Most of the difference is the doses allocated as second shots for those who so far have only had their first. And the one-dose Janssen vaccine has muddied the calculation a bit because of the temporary hold on administering it, and I'm a bit too tired right now to try to fully put everything into this post, but I think this is enough for you to see how the numbers close in better...

 

93,078,040 fully vaccinated, 8,058,239 are Janssen, so 85,019,80 are two-dose vaccinations.

85,019,801 x 2 + 8,058,239 = 178,097,841 doses administered to people fully vaccinated

 

85,019,801 x 2 = 170,039,602 two-dose vaccine doses administered to people fully vaccinated

118,628,496 + 98,778,973 = 217,407,469 two-dose vaccine doses administered

217,407,469 - 170,039,602 = 47,367,867 two-dose vaccine doses administered to people who have not received the second dose

149,623,305 + 123,421,200 = 273,044,505 tow-dose vaccine doses delivered

 

So that accounts for most of the difference, and then there's the Janssen doses that haven't been administered because they were held back temporarily yet were delivered.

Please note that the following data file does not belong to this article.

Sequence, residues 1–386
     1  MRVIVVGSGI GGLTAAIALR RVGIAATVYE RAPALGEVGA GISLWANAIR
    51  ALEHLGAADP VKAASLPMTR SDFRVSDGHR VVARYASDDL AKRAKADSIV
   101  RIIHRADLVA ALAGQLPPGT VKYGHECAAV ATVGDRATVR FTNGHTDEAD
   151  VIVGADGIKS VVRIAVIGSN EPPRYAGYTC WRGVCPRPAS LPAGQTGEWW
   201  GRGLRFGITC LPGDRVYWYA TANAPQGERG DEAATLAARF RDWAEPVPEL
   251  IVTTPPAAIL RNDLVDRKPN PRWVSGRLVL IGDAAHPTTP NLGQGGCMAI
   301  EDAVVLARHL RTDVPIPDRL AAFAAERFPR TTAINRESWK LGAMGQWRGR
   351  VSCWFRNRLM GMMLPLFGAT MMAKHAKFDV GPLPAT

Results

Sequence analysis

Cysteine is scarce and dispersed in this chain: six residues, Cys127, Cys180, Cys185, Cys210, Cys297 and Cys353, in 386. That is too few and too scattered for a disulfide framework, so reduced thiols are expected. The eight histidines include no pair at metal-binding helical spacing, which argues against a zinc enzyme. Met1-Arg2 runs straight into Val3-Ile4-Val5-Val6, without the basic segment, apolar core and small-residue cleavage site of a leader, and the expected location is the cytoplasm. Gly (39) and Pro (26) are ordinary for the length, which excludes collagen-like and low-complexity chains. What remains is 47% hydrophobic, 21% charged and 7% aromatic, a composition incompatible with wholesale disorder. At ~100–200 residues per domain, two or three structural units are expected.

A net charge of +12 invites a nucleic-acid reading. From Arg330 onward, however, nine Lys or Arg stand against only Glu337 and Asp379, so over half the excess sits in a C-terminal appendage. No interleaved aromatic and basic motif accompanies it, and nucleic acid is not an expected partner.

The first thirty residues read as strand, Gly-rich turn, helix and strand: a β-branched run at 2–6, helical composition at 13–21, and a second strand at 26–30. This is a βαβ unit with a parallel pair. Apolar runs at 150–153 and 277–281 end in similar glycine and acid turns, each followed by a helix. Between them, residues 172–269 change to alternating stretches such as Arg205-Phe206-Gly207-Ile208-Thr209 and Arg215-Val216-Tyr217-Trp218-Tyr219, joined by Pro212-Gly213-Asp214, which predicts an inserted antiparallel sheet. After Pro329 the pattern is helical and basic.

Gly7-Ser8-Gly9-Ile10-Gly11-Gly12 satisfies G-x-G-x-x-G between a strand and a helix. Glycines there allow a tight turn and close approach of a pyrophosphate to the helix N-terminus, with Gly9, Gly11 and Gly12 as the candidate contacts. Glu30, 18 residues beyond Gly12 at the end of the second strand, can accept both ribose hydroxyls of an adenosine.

There's also reporting lags (i.e., at any given time not every number in the system is in sync), as each jurisdiction reports at different times. I used the number from the capture of the page at CDC COVID Data Tracker which I included below.

 

Most of those doses have at least 6 months of shelf life, and will be used in the next 3 to 4 weeks as they're going mostly to people awaiting the second dose. In the meantime, new shipments will arrive for first doses, which themselves are good out for another 6 months or so, anyway.

 

screencapture-covid-cdc-gov-covid-data-tracker-2021-04-24-23_07_08.thumb.png.e3dfc68377608199ad3534e66fb2d9e8.png

there also has to be 50 million"kids" under 18 in the country, I read 30 million in schools K-12. They do not get the vaccine. Not too sure the numbers of 19 to say 35 , most of whom who get the vaccine as their line of business or profession dictate it,

65+ should be a no brainer to get the vaccine even if questions and concerns, the net positive has to outweigh the negative.

That when I have discussed the risk rewards aspects, each person has hos or her own category  to figure it out on their own

 

That'a why herd immunity is in the 60-70% range.

15-20% of population are the kids who likely  will  not hey the virus, nor vaccine-so 80% is high considering it means everybody else which will not happen for various reason, mostly good reasons, eg they are in their 20's or even older, and the 30 mi or so who have already had it.

 

Back out the number and whomever is calling for 80% is saying everybody has to be vaccinated, and that will not fly.

 

Esp for a vaccine that's EUA

 

 

 

Edited by HMR74